2. No one shall be held guilty of any penal offence on account of any act or omission which did not constitute a penal offence, under national or international law, at the time when it was committed. Nor shall a heavier penalty be imposed than the one that was applicable at the time the penal offence was committed.
No one shall be subjected to arbitrary interference with his privacy, family, home or correspondence, nor to attacks upon his honour and reputation. Everyone has the right to the protection of the law against such interference or attacks.
1. Everyone has the right to freedom of movement and residence within the borders of each State.
2. Everyone has the right to leave any country, including his own, and to return to his country.
1. Everyone has the right to seek and to enjoy in other countries asylum from persecution.
2. This right may not be invoked in the case of prosecutions genuinely arising from non-political crimes or from acts contrary to the purposes and principles of the United Nations.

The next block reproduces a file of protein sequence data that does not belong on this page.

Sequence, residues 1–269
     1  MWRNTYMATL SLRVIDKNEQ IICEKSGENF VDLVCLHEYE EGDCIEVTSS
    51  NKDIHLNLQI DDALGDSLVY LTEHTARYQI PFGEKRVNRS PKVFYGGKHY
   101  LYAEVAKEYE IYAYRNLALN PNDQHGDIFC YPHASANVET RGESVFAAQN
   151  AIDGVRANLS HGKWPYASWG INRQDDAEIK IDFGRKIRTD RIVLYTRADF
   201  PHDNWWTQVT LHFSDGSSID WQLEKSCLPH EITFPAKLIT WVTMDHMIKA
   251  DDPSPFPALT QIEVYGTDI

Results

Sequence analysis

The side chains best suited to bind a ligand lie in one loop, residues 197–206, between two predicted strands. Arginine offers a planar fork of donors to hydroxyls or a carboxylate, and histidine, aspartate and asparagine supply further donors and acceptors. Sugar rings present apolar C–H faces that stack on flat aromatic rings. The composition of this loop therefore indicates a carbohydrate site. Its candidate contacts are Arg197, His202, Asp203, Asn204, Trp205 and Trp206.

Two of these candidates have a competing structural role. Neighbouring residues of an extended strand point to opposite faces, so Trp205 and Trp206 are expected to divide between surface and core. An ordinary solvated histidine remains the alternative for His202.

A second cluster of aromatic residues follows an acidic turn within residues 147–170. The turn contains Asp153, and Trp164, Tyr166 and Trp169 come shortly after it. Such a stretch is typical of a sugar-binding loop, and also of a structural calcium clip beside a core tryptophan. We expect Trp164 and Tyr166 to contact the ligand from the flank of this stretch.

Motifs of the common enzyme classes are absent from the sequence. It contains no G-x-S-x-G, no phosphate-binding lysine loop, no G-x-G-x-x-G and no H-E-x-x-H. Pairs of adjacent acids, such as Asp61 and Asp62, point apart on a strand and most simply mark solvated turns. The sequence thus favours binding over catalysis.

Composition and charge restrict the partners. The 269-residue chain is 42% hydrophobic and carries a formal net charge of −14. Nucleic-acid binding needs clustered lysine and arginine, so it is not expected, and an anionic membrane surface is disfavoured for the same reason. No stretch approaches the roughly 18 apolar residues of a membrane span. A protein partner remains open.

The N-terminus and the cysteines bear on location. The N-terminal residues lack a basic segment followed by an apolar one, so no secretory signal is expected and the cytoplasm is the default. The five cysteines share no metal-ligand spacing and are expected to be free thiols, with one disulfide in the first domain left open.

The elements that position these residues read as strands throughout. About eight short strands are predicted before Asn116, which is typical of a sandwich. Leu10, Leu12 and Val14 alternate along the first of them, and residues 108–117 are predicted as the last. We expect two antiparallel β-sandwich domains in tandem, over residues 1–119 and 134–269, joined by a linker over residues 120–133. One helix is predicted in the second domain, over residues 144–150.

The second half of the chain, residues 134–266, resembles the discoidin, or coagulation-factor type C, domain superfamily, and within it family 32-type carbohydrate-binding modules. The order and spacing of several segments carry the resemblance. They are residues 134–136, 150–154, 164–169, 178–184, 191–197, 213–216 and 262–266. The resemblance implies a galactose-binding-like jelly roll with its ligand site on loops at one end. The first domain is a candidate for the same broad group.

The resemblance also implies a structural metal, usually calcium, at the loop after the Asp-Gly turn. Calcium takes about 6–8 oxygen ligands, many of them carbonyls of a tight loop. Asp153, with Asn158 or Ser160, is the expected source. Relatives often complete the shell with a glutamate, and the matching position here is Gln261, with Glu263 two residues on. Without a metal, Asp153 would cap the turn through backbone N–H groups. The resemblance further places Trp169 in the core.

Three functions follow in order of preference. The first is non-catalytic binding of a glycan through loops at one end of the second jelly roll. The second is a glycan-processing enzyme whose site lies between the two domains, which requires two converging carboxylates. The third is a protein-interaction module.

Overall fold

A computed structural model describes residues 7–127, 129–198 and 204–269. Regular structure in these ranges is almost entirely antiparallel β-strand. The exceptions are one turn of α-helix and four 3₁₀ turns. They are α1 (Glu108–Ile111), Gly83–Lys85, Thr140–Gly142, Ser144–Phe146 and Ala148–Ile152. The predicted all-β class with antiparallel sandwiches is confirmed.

1. Everyone has the right to a nationality. 2. No one shall be arbitrarily deprived of his nationality nor denied the right to change his nationality.
1. Men and women of full age, without any limitation due to race, nationality or religion, have the right to marry and to found a family. They are entitled to equal rights as to marriage, during marriage and at its dissolution.
2. Marriage shall be entered into only with the free and full consent of the intending spouses.
3. The family is the natural and fundamental group unit of society and is entitled to protection by society and the State.
1. Everyone has the right to own property alone as well as in association with others.
2. No one shall be arbitrarily deprived of his property.
Everyone has the right to freedom of thought, conscience and religion; this right includes freedom to change his religion or belief, and freedom, either alone or in community with others and in public or private, to manifest his religion or belief in teaching, practice, worship and observance.
Everyone has the right to freedom of opinion and expression; this right includes freedom to hold opinions without interference and to seek, receive and impart information and ideas through any media and regardless of frontiers.
1. Everyone has the right to freedom of peaceful assembly and association.
2. No one may be compelled to belong to an association.
1. Everyone has the right to take part in the government of his country, directly or through freely chosen representatives.